Young men in homemade kilts, their tartan red with life, answered with gusto when their leader hollered incoherently, raising his trekking pole over his head: “Charge!”

“Gaahh! Go! Now! Go!” they roared, voices overstepping each other’s, running their irreverence full-tilt down the Camino with Mercury’s winged feet.

I went from annoyed one day to laughing out loud the next. A mother and father were bringing their tiny children, probably one and three years old, the tiny one in a backpack with butterfly wings on the back, the older one in a stroller, occasionally hopping out to hike the path like the rest of us, her father’s collapsible trekking pole exactly the right height when closed up tight.

Families with older children biked by. Groups of white-haired old couples, friends, walked the Way together, slowly, familiarly. One boy walking with his father carried a short skateboard under his arm, just waiting for smooth sailing.

Music played everywhere – arias, techno, rap. Young church groups sang harmonies in Polish and Spanish. Cows still mooed. Cars honked. Campers honked louder.

I hummed what a guy was playing on his ukelele, long after I passed him by. It was fun, happy people all together walking in the heat toward Santiago. I saw that the 100 km trek allowed many people to participate who would not have been able to make the long pilgrimage from the border, or from the coast. People shared fruit with each other; some nibbled careful bites, with their teeth carving shocked or goofy faces into their apples and pears, which they left on milestones, to the amusement of the rest of us.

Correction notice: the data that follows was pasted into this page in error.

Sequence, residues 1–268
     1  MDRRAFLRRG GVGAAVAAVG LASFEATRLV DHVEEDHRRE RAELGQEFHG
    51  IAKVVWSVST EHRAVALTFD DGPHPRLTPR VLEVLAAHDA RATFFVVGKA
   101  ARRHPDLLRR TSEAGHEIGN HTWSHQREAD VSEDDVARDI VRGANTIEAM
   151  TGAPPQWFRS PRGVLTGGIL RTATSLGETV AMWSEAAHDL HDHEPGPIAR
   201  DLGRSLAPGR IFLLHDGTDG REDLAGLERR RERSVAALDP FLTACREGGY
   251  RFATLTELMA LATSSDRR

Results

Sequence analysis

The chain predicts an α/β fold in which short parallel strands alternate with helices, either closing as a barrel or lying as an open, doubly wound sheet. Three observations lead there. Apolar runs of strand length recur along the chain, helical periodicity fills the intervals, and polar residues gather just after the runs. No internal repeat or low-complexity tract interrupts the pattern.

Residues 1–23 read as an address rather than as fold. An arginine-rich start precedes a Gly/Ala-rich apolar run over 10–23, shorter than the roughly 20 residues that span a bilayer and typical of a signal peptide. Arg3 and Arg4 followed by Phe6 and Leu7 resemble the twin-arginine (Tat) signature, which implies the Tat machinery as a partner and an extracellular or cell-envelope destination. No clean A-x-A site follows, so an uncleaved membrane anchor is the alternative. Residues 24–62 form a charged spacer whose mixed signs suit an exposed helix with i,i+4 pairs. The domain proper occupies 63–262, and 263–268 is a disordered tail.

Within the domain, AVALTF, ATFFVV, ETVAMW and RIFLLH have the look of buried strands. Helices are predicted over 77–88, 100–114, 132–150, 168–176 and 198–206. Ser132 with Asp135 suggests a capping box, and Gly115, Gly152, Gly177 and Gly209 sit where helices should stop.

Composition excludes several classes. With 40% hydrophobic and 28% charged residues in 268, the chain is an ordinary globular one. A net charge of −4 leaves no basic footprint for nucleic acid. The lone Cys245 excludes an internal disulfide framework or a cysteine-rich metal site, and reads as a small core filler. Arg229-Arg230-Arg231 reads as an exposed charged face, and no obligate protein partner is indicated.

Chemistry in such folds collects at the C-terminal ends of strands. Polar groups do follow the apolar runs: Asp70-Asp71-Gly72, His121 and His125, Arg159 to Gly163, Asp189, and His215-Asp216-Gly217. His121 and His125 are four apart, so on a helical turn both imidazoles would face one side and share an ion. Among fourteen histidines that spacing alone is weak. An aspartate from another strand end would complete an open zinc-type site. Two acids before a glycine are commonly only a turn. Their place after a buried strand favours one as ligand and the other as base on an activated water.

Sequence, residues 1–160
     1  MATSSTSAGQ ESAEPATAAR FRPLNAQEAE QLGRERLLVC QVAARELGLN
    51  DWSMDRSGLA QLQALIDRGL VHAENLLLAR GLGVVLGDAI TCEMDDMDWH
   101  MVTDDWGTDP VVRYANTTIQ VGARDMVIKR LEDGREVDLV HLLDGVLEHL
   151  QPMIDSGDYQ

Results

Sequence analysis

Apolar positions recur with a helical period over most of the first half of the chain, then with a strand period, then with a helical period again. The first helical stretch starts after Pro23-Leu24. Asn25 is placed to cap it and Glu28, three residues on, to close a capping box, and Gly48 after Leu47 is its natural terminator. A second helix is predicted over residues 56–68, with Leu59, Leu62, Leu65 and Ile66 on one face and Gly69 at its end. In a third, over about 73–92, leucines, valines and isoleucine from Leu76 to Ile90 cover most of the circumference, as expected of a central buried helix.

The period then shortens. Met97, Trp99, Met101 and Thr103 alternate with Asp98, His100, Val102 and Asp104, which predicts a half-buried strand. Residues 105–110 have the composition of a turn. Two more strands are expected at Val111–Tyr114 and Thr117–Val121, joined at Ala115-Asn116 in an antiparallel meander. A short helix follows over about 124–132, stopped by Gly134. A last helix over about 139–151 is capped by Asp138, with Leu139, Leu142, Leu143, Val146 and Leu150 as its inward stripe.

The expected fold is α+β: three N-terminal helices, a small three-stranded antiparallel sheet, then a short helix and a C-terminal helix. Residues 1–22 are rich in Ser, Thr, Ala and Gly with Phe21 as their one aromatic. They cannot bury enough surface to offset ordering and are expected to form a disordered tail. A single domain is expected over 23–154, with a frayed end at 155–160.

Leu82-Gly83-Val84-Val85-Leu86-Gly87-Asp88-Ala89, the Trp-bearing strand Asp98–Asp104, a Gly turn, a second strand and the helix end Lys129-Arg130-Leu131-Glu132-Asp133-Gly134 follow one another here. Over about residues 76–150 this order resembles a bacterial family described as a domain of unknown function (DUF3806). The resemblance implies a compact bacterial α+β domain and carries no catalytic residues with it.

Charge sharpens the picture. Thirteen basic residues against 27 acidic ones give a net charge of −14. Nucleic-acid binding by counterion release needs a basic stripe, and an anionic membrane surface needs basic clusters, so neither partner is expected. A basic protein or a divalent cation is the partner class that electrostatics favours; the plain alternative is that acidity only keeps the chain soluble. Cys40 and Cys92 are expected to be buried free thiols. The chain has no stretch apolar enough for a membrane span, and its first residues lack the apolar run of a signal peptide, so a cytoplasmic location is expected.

All was crazy and hilarious until the arrows split – and most people went to Pedrouzo, where I had originally thought I might go. But it was early, and I was excited, so I just kept going, this last stretch of Camino an opportunity to walk well and strong, carried by the wave of good will and anticipation all the way to Monte de Gozo, 34.5 km. Tired feet and a little too much sun, but no more the worse for wear, my route was often shady, with dirt paths most of the way.

“Blessed are the merciful, for they shall obtain mercy.
Blessed are the pure in heart, for they shall see God.”

— Jesus, Sermon on the Mount, Matthew 5:7-8

I remembered to stop at Labacolla and wash in the stream, purifying myself as the medieval pilgrims used to do. It translated to “wash scrotum,” a ridiculous name for a holy river on the approach to a holy city. I settled for dunking my shirt and washing my hair, my face, and my arms and armpits. The rest waited for a shower. A soothing, hot shower, and the rose-scented soap I had bought at a market.

Refreshed body and soul, I went to sleep early in the enormous barracks environment of Monte de Gozo, which had room for ten times the number of peregrinos who arrived. All were welcome. Tomorrow was Sunday, the day of my arrival. I dozed off, remembering a song my grandma taught me when I was small enough to ride in a backpack with butterfly wings or take my first steps forward to find my own way:

this little light of mine, I’m gonna let it shine
this little light of mine, I’m gonna let it shine
let it shine, let it shine, let it shine

hide it under a bushel, NO – I’m gonna let it shine
hide it under a bushel, NO! – I’m gonna let it shine
let it shine, let it shine, let it shine

— Harry Dixon Loes,”This Little Light of Mine,” American folk song


“Nor do men light a lamp and put it under a bushel, but on a stand, and it gives light to all in the house. Let your light so shine before men….”

— Jesus, Sermon on the Mount, Matthew 5:15-16